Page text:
- I opened an account with COL Financial so I can purchase stocks. I shelled out Php5,000. It was a good learning experience. I relied on my friend for advice on what to buy though (since I had no idea about stocks). Contrary to what I’ve heard from many, I did not lose money. Somehow, I did earn via a buy-and-hold strategy. But eventually, I had to pull out all my investments. This leads me to my next valuable lessons.
- Take care of your health. When I got sick, I had to stop working for more than a year. That was when I realized how important it was to . . .
- Build your emergency fund. When I got sick, I only had two-month’s worth of salary saved. Since I was an output-based worker, I had no health insurance. So apart from my living expenses, I also had to shell out money for my medical expenses.
- I did have insurance though, a value life insurance. For the first two or three years, I had no fund balance (investment/savings component) because the funds went to setting up my fund. After which, I was so happy to see my fund balance growing every month. Then, I got sick. I asked my agent if I can withdraw my funds to cover my medical expenses. But I can’t, since there was a policy on minimum withdrawals and my fund balance has not yet reached this amount. It’s been over a year since my last payment. In a year, my fund balance has dropped significantly (equivalent to about 1/3 of my yearly premium payment), as insurance and administrative charges were deducted.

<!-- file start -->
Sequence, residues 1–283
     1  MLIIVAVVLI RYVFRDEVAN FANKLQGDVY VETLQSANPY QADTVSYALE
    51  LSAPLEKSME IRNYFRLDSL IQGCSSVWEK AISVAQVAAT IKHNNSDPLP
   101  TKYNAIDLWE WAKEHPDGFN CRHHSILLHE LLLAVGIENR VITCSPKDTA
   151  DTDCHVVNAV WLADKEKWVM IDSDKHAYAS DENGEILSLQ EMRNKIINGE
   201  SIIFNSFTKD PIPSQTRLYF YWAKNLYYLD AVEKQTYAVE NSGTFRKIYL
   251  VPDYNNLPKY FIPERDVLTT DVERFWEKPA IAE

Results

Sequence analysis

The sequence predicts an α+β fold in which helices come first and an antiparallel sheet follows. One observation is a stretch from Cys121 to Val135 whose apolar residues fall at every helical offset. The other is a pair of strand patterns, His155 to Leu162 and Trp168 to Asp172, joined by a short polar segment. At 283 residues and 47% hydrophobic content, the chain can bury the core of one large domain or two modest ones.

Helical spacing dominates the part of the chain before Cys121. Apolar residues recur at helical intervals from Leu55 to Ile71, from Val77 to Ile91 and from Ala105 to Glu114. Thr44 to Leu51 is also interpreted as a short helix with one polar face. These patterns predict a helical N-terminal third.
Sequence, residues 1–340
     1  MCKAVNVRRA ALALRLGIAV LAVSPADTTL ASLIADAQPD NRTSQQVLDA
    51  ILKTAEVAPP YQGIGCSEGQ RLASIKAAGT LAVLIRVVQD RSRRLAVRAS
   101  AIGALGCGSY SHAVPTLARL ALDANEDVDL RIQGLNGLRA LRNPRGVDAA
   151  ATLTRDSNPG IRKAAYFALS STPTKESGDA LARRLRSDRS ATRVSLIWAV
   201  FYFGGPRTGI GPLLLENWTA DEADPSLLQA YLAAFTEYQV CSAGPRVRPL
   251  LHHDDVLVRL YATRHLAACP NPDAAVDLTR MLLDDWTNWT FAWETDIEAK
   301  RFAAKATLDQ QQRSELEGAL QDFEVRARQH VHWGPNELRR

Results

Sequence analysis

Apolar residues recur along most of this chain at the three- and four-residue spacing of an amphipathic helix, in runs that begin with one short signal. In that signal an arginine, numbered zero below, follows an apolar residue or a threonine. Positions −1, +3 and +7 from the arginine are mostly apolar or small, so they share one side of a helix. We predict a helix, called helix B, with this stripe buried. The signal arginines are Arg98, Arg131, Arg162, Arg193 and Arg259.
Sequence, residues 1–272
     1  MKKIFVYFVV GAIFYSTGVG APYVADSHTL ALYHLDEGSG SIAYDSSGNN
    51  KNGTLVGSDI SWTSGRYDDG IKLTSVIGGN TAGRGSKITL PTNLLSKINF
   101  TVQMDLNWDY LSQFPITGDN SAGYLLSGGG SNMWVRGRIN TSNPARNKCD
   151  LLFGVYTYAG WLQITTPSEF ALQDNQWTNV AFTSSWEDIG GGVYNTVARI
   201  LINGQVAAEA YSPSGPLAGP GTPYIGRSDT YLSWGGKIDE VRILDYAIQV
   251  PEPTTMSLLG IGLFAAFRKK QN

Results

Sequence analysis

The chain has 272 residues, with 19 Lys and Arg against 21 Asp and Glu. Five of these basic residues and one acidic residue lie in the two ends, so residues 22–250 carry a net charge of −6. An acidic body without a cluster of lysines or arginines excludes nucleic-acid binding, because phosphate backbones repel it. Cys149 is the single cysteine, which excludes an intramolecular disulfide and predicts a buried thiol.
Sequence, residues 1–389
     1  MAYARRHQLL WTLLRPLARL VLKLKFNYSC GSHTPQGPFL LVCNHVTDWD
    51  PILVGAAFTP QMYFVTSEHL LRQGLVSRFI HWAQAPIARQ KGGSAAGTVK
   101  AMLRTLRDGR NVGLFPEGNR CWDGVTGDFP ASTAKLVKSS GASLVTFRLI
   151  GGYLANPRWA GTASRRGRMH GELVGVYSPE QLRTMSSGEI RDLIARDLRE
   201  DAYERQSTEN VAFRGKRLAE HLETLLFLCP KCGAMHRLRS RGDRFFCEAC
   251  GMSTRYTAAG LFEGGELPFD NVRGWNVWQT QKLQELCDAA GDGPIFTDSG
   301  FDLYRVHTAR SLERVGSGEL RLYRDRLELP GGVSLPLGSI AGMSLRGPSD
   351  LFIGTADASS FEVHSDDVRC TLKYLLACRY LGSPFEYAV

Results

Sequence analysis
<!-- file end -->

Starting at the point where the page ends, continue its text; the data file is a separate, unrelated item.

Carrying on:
- Good points: My illnesses were not among the critical illnesses covered by the insurance policy. (Thank God!) The fund balance covered the insurance and administrative charges. Thus, my insurance coverage remained in force even if I have not paid monthly premiums for a year.
- Not-so-happy points: I was relying on the fund balance as a retirement fund/investment. Now, my investment has not just stopped growing; it is even decreasing. And I could not tap it for more urgent medical expenses.
- So now, while I’m recovering, I’m back to reading and learning. I have been going through Burton Malkiel’s A Random Walk Down Wall Street and Eric Tyson’s Personal Finance for Dummies. I’ve been tracking all my expenses, opening up passive and active income streams, and exploring other financial products that may better meet my needs and capacity to pay.
- I’m once more building up a savings and investment fund. I remember my college professor in Microfinance teaching us that the only way to save is to follow this savings equation: Income – Savings = Expenses
This is so difficult to do now. But I’ll keep trying.
- More importantly, I am taking care of my health and my personal life is ongoing a major makeover. I’m also learning to set boundaries, with myself and other people, so I can better manage my finances. I have crafted a new life goal and definition of success, to serve as my guidepost as I choose how to invest my time and resources and how I live my life.
I remember my therapist telling me it is a blessing that I am learning some difficult lessons while I’m in my 30s, instead of later in life. It did not feel that way at first, but now I know she’s right. Rock bottom sucks, but I would rather learn to build back better now rather than never.